This is the second in a series assessing Premier League teams and their transfer priorities for the summer. For a look at Arsenal and its progression under Mikel Arteta, read on here.
So much has happened in the last 14 months that it feels vaguely incredible that Tottenham was in the Champions League final only last season. Even with Mauricio Pochettino’s dire warnings about a lack of investment in a stagnating squad, the expectation was that Spurs would finish in the top four and, with their new stadium finally up and running, the future seemed bright.
Although Tottenham has offset some of its losses through leasing out some stadium facilities to the local National Health Service trust, it still expects to miss out on $250 million in revenue as a result of being forced to play games behind closed doors, cancel concerts and put on hold plans to host other sports, including the NFL, rugby league and rugby union. Combined with continued repayments on a $1.2 billion stadium, that is a major hit. In June, it took out an emergency, low-interest $220 million loan from the Bank of England, repayable in April next year, which suggests there is little cash available for a summer splurge.
Yet Tottenham needs investment. Pochettino was right when he identified the need to rejuvenate the squad. Players have left–Kyle Walker, Danny Rose, Moussa Dembele, Christian Eriksen and not been properly replaced–Jan Vertonghen is leaving and others are aging or have suffered dips in form. In addition, Jose Mourinho seems markedly unimpressed with at least one of last summer’s signings, with Tanguy Ndombele regularly the focus of his frustration.
That, in turn, raises a far more fundamental question. Pochettino is a progressive coach who wanted his team to press. Under his guidance, Tottenham was supremely well-conditioned and clearly among the fittest sides in the Premier League. Mourinho is more concerned with shape and mentality; his Manchester United side had the lowest distance-run stats in the league. His is a very different style of football to Pochettino's, more conservative, more based around a low block. That would suggest the need for a major overhaul of personnel, which for two decades has been the Mourinho way. Since Porto, he has not been a manager who has built on a budget. Yet clearly here that is what he will have to do.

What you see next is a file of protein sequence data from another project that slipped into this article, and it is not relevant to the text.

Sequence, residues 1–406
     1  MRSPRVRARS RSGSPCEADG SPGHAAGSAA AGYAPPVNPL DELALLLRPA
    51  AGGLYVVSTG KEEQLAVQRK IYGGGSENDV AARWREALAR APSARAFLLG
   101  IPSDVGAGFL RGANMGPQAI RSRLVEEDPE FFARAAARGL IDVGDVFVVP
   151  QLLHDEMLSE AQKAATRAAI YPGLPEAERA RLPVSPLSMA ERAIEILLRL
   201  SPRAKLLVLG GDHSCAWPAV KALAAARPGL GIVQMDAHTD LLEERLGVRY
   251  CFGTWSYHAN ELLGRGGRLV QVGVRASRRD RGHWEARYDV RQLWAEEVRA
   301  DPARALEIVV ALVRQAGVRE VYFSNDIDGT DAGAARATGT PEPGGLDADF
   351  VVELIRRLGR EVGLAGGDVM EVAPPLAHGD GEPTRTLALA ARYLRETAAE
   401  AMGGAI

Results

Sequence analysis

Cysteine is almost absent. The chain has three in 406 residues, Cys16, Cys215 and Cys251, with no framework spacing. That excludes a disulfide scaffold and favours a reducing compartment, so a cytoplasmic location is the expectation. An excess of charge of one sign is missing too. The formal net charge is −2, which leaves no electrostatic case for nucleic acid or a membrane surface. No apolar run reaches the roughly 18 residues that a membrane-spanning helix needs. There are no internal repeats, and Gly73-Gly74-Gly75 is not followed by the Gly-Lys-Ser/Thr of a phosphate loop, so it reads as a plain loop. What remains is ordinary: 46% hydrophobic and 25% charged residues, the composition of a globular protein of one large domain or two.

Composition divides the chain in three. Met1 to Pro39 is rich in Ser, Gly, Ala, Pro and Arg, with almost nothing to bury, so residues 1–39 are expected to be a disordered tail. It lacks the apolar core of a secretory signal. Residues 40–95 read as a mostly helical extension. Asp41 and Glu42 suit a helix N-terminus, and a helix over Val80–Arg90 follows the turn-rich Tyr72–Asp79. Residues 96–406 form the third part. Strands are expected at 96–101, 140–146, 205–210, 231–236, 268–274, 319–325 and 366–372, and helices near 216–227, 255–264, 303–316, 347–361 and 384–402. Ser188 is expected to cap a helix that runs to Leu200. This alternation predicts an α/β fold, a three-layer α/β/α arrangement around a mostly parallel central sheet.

A lot of the problems in the Tottenham midfield were caused by the departure of Dembele. Ndombele hasn’t yet shown the consistency of positional discipline to take his place, while Moussa Sissoko is a more forward-minded presence. There is a need for somebody who can operate alongside or just in front of Harry Winks, supporting him while still driving on to link with the forward line. Pierre-Emile Hojbjerg is entering the final year of his contract at Southampton and so would presumably be available reasonably priced, and he seems to have the right sort of profile.
The period when Vertonghen and Toby Alderweireld gave Spurs the most reliable central defense in the league feels like a long time ago. Alderweireld is 31 and so should still have three or more years at the highest level, although he struggled at times last season. Eric Dier remains clumsy and error-prone, slow on the turn, but perhaps can function in a back three, while Davinson Sanchez has pace but is not yet the commanding figure it was hoped he would become when he joined from Ajax. South Korea international Kim Min-jae, who would probably cost around $20 million from Beijing Sinobo Guoan is a possible option. Atalanta fullback Timothy Castagne, who tends to operate on the right but can also offer cover on the left, is another possible defensive addition.
A backup center forward
Although Harry Kane remains Tottenham’s biggest star, one of the problems the club has faced in recent years is that when he is hurt or otherwise not available, his replacements are often a very different type of player. Son Heung-min and Lucas Moura are both more than capable of playing through the center, but not if Mourinho wants to go long and direct. Mourinho seems unimpressed by teenaged Ireland striker Troy Parrott. Callum Wilson scored eight goals for Bournemouth in a difficult campaign and reportedly has a $13 million relegation release clause. He has regularly been Kane’s backup for England and could be for Spurs. Although a very different type of forward, David Brooks is a player of huge promise who is also likely to leave Bournemouth rather than play in the Championship.